After deciding to have a Redbox night, I had a rare moment of certainty: I was finally gonna watch Tenet! I’ve been wanting to see what all the commotion was about regarding this film, for a while now. Back on Labor Day, almost four months ago, this was the movie that was guaranteed to bring back audiences to movie theaters, and its writer-director-producer was adamant about not premiering the film on a streaming service. He was deemed to be the savior for Warner Bros. and a mountainous box office was about to magically appear, since his recent releases were all hits. Unfortunately, COVID-19 had other plans for this would-be blockbuster.
Debuting to $9.4 million, the film involving international espionage and “time inversion” has currently brought in only $57.9 million at U.S. theaters (but more than $304 million worldwide), as the majority of them, stateside, are currently closed. Limiting audience sizes during a global pandemic won’t exactly help your box office results. For at least a year, now, this has been the new normal, but the storyline should have something to do with those numbers, as well.
How is it possible for a movie dealing with characters who travel throughout time — DON’T YOU DARE CALL IT TIME TRAVEL! — constantly changing the narrative, be easily explainable (and easily accessible) to the masses, without calling it a time travel movie? Well, Nolan has spoken, that is why.
OK, so, a nuclear weapon will soon wipe out the future world of Earth, but an inverted bullet can change the past. There’s a major war headed for our hero (known as The Protagonist, as played by John David Washington), who’s risking his life and everything he stands for, to stop it. He also speaks in nonsensical tongues, at times.
“Don’t try to understand it…”
This temporal war involves reverse chronology, as the characters of the present are being attacked by those of the future. Time is of the essence throughout the intricate plots involving dual simultaneous storylines, but mostly it’s trying too hard to outsmart the audience (and itself), just for complication’s sake. Tenet is DEFINITELY loud and proud, featuring some great sound effects and a terrific score, but while watching the film in my bedroom, on a home television set without surround sound, its flaws are glaring.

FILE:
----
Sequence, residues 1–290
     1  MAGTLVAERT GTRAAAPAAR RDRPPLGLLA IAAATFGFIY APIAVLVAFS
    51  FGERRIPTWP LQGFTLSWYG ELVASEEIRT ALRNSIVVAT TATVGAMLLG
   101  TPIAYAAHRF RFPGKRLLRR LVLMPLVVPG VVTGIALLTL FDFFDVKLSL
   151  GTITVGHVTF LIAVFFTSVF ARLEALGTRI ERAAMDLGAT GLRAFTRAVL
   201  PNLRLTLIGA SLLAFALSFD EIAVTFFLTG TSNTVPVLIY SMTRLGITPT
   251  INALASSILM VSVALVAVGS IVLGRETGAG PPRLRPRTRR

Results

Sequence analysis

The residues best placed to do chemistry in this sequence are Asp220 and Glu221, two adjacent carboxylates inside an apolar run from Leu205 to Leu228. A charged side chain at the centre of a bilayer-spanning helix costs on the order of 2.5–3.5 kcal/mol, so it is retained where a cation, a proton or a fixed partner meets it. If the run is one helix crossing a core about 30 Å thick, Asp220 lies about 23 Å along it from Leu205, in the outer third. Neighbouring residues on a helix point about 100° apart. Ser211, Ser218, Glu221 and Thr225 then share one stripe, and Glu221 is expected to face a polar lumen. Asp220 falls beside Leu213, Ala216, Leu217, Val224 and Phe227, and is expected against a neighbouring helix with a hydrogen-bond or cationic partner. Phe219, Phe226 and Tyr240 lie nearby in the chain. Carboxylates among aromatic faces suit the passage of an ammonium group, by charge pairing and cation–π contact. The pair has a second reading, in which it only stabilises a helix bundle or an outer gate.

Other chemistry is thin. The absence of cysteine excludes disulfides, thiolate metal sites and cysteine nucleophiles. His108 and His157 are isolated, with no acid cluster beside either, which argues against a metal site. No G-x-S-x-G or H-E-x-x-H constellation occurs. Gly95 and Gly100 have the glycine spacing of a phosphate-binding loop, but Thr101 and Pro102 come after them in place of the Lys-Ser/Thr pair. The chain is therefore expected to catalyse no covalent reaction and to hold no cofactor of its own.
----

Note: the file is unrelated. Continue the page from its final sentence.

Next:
I have enjoyed Christopher Nolan’s films in the past. His best effort is probably The Dark Knight. Nolan the Director is far superior to Nolan the Screenwriter, with the exceptions of Memento and Dunkirk (but even Memento tried a little too hard, at times). He definitely comes up with some original story ideas that immediately grab your attention, but they’re not always cohesive. **Insert denigrating Inception comment here.**
For Tenet, he’s built a world with rules that constantly change. If they’re that malleable, then they’re not really rules, per se. Balancing a grandfather paradox with a parallel worlds theory and a dead man’s switch will do that to a storyline, revealing all sorts of plot holes (which are much easier to notice while watching at home).
I guess it all boils down to the filmmaker. My original title for this article was going to be “Christopher Nolan Thinks He’s Smarter Than You,” and I still might write that one at some point. It’s just a shame that Nolan the Director glosses over all of the plot holes from Nolan the Screenwriter. If he could just regularly collaborate with a great writer, he could absolutely elevate his work. Instead, he simply tries to outsmart his audiences with action-packed scenes filled with lots of McGuffins and red herrings. It’s the Hollywood way.
I actually liked Tenet, but I didn’t love it. Maybe my opinion would have changed had I watched it inside a movie theater, sitting tightly packed with a nice crowd. Or maybe I would have noticed those same glaring weaknesses, despite the location. And maybe studio’s bottom line will be affected enough by this release that the writer-director-producer will be required to bring in someone who has better writing credentials than Nolan. Now that’s an time inversion story I’d LOVE to make happen, starting with his first film: Memento.